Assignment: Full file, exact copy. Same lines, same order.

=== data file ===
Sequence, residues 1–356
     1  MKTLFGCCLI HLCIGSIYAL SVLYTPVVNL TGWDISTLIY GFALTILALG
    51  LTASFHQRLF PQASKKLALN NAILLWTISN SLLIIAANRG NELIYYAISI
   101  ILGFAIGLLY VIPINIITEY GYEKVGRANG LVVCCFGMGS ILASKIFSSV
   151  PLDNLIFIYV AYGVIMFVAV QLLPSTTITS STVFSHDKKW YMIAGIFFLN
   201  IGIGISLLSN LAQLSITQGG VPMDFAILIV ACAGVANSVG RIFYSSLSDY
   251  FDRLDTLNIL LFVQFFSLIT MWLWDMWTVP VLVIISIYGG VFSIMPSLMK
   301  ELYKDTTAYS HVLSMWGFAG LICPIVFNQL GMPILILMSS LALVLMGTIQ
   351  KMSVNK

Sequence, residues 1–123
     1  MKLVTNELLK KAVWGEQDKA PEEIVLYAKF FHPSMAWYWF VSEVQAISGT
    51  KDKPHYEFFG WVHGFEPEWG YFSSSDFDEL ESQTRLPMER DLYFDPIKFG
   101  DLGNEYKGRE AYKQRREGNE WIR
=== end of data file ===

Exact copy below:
Sequence, residues 1–356
     1  MKTLFGCCLI HLCIGSIYAL SVLYTPVVNL TGWDISTLIY GFALTILALG
    51  LTASFHQRLF PQASKKLALN NAILLWTISN SLLIIAANRG NELIYYAISI
   101  ILGFAIGLLY VIPINIITEY GYEKVGRANG LVVCCFGMGS ILASKIFSSV
   151  PLDNLIFIYV AYGVIMFVAV QLLPSTTITS STVFSHDKKW YMIAGIFFLN
   201  IGIGISLLSN LAQLSITQGG VPMDFAILIV ACAGVANSVG RIFYSSLSDY
   251  FDRLDTLNIL LFVQFFSLIT MWLWDMWTVP VLVIISIYGG VFSIMPSLMK
   301  ELYKDTTAYS HVLSMWGFAG LICPIVFNQL GMPILILMSS LALVLMGTIQ
   351  KMSVNK

Sequence, residues 1–123
     1  MKLVTNELLK KAVWGEQDKA PEEIVLYAKF FHPSMAWYWF VSEVQAISGT
    51  KDKPHYEFFG WVHGFEPEWG YFSSSDFDEL ESQTRLPMER DLYFDPIKFG
   101  DLGNEYKGRE AYKQRREGNE WIR